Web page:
Wondering about the difference between regular ol’ honey and “raw honey”? The health benefits of raw honey are vast, making it a nutritious sweet treat!
“‘Well,’ said Pooh, ‘what I like best,’ and then he had to stop and think. Because although Eating Honey was a very good thing to do, there was a moment just before you began to eat it which was better than when you were, but he didn’t know what it was called.” ― A.A. Milne, Winnie-the-Pooh
Pooh Bear, I think the word you are looking for is “anticipation.” And, oh, do I know the sweet feeling well. That moment before I plunge my spoon into the jar of honey… I can barely contain myself now thinking about it!
OK back to the point.
Honey. It’s amazing. Delicious and nutritious all wrapped into one. But not all honey is created equal. In fact, not all “honey” is real honey.
The mystery product sold as “honey”
Honey is one of the most commonly mislabeled foods. Last year, Food Safety News found that 75% of store-bought honey was ultra-filtered and did not contain pollen. Without pollen, it is impossible to identify the honey’s source. Furthermore, the US FDA states that any “honey” that no longer contains pollen cannot technically be considered honey.
Even more concerning, a third or more of all “honey” in the US was found to have been smuggled in from China or India, and tainted with illegal antibiotics and heavy metals. According to Food Safety News, millions of pounds of honey deemed unsafe and banned from dozens of foreign countries is being imported and sold in the US.
Additionally, a number of ingredients are added to “honey”, and even sometimes constitute the main ingredient. These include sucrose syrup, sugar syrup, partial invert cane syrup, corn syrup, glucose syrup, beet sugar and high-fructose corn syrup, as well as artificial sweeteners. Any “honey” that contains these ingredients is therefore not real honey, but a blend. Furthermore, some of these ingredients, such as high fructose corn syrup and artificial sweeteners, pose a particular threat to the health of consumers. On my trip to the grocery store, I picked up this little honey bear whose main ingredient was high fructose corn syrup. It was the cheapest honey available, and though I hate to waste, I threw this little guy in the trash after photographing him (I see right past that cute little face of yours, honey bear…).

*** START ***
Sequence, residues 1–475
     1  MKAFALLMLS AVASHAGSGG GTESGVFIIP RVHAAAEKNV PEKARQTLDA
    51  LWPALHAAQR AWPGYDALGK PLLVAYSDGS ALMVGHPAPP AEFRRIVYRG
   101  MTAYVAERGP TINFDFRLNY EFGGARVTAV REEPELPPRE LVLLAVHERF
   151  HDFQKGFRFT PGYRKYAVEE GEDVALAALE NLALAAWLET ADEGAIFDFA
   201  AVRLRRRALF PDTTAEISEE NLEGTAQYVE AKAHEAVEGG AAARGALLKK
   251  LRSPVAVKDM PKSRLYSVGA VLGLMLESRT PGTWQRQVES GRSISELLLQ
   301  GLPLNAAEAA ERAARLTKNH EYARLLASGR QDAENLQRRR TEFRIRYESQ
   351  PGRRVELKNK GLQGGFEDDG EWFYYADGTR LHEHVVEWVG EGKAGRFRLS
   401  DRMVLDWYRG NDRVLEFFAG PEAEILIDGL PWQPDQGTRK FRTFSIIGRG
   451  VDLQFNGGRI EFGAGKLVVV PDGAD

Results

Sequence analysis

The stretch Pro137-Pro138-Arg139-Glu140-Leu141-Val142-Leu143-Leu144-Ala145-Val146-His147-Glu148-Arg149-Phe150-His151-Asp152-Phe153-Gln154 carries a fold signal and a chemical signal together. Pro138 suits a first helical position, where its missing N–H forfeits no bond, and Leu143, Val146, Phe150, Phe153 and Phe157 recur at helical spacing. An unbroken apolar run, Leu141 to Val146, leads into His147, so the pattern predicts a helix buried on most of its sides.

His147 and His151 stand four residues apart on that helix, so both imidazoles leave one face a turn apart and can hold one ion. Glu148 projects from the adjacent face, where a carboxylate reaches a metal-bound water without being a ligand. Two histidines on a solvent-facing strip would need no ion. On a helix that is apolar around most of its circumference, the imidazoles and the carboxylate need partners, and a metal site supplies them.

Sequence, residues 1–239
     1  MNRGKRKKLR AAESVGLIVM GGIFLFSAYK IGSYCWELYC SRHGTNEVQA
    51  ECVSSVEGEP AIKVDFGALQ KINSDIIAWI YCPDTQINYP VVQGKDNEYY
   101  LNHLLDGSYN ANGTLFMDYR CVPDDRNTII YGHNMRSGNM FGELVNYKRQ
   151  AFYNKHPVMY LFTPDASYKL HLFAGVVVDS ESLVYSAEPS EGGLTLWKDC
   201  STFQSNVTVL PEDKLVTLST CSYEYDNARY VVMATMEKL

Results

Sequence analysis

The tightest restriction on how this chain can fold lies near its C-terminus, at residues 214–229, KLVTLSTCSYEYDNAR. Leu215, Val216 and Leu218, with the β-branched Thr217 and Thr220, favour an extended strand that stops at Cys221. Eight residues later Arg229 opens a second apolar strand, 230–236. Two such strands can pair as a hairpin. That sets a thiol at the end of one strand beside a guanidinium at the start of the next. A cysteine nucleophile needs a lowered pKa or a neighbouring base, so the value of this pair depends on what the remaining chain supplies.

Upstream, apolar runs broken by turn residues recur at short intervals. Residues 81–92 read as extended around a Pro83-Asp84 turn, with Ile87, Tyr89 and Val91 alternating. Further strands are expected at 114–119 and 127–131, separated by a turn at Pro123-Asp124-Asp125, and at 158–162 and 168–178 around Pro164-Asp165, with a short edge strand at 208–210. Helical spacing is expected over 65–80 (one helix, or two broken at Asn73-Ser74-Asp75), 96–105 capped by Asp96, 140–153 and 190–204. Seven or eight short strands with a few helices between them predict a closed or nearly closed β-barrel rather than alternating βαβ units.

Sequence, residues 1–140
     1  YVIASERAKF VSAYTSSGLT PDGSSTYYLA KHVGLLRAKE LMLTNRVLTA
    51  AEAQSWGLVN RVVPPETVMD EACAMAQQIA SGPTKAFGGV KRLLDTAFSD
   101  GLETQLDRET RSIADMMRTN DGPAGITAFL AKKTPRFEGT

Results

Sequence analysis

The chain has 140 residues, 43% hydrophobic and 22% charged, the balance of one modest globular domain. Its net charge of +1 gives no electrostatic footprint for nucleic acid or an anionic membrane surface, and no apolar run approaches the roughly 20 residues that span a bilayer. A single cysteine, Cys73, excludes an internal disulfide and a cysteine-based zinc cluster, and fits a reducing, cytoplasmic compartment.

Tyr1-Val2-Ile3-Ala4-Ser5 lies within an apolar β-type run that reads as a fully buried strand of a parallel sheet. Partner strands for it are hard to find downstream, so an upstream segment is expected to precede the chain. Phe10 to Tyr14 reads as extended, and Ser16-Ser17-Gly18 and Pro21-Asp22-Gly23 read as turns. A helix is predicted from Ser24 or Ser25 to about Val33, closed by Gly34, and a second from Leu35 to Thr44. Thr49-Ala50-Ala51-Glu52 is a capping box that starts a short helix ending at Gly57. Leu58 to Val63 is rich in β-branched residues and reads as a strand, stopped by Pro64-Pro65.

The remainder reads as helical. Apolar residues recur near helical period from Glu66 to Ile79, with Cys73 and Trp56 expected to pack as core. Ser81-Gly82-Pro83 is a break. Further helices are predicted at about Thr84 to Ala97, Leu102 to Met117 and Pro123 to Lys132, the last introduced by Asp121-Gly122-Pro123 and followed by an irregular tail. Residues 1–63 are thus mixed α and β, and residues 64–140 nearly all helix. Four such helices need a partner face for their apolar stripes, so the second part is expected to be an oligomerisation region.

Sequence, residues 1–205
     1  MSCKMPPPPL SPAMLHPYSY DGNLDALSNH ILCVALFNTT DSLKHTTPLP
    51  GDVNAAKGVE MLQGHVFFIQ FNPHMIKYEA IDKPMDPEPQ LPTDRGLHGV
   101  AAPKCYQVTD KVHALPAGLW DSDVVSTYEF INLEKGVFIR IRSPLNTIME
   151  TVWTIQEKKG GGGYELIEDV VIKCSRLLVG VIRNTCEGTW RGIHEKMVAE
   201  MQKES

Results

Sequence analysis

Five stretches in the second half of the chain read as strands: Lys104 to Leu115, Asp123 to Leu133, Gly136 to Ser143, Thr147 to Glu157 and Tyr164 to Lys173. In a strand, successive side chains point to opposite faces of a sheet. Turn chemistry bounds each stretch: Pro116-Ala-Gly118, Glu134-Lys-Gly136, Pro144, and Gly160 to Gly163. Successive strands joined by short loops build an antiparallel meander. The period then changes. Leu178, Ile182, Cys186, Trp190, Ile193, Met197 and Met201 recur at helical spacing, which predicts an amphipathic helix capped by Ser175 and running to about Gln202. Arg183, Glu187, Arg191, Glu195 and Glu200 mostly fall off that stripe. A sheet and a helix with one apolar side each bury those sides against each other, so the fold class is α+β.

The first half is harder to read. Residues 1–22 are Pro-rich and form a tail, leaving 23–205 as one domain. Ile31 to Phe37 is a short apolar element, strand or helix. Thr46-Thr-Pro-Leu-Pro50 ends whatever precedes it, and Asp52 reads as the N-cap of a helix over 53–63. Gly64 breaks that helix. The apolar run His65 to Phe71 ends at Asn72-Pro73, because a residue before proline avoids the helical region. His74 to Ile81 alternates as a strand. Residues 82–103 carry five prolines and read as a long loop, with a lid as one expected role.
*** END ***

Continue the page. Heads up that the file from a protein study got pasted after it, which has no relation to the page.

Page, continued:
The health benefits of raw honey
Raw honey comes straight from the honeycomb, and is honey in its purest form. It is unfiltered, unheated and unpasteurized, processes which can destroy the natural vitamins (high in vitamin C and B vitamins), minerals and enzymes found in honey. The health benefits of raw honey are seemingly endless:
- Anti-viral and anti-fungal properties
- Contains polyphenols, a powerful antioxidant
- Helps ward off allergies
- Soothes sore throats and is a natural expectorant (i.e. is great to eat when you have a cold)
- Stabilizes blood pressure and balances blood sugar levels
- Boosts immune function
- Helps heal skin conditions and wounds when applied topically
- Promotes digestive health
- As an alkaline-forming food, helps combat chronic illness
Nutrition aside, raw honey differs from processed honey in a few significant ways: it is typically opaque, it is typically thicker than processed honey, and it crystalizes more readily as it has not been heated (producers heat honey to prevent crystallization). It can come in a variety of different colors. For example, I have raw alfalfa honey pictured above, and it is very light in color. But buckwheat or blueberry honey is very dark in color.
When looking to buy raw honey, look for a product from a local producer, preferably one you know or know of. Local honey offers particularly great protection from seasonal allergies.
Please note that pediatricians caution against feeding honey to children under one year old due to concern that it may contain botulism spores.